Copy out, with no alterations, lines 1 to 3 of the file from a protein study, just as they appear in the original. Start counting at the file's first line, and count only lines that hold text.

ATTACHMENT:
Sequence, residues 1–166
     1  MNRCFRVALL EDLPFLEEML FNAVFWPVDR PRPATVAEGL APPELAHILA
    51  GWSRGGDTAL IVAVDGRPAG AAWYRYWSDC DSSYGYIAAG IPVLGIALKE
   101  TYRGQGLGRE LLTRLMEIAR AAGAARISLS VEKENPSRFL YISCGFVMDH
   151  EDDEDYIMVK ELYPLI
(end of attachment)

Sequence, residues 1–166
     1  MNRCFRVALL EDLPFLEEML FNAVFWPVDR PRPATVAEGL APPELAHILA
    51  GWSRGGDTAL IVAVDGRPAG AAWYRYWSDC DSSYGYIAAG IPVLGIALKE